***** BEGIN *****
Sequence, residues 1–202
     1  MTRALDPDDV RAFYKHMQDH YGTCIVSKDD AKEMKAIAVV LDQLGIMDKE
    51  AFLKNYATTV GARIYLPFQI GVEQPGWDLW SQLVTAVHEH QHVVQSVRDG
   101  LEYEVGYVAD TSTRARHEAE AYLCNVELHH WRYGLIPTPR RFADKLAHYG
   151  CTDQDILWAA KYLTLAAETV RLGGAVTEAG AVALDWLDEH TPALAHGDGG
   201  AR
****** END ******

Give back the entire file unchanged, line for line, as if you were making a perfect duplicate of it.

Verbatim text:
Sequence, residues 1–202
     1  MTRALDPDDV RAFYKHMQDH YGTCIVSKDD AKEMKAIAVV LDQLGIMDKE
    51  AFLKNYATTV GARIYLPFQI GVEQPGWDLW SQLVTAVHEH QHVVQSVRDG
   101  LEYEVGYVAD TSTRARHEAE AYLCNVELHH WRYGLIPTPR RFADKLAHYG
   151  CTDQDILWAA KYLTLAAETV RLGGAVTEAG AVALDWLDEH TPALAHGDGG
   201  AR